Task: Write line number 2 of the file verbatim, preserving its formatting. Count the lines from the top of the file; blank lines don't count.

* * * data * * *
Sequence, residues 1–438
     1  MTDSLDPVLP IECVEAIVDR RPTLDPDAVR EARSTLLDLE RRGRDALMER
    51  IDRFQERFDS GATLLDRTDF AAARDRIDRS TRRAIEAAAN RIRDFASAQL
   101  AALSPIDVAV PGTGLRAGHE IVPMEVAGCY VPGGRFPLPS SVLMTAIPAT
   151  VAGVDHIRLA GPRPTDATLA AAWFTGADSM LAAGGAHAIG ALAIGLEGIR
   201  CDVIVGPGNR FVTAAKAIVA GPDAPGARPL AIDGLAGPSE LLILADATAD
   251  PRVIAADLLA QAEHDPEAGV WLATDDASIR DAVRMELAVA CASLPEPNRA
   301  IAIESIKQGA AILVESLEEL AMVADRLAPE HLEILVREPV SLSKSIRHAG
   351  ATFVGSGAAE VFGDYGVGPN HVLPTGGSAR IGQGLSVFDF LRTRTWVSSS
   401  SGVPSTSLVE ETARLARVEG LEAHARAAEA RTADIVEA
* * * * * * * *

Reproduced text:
     1  MTDSLDPVLP IECVEAIVDR RPTLDPDAVR EARSTLLDLE RRGRDALMER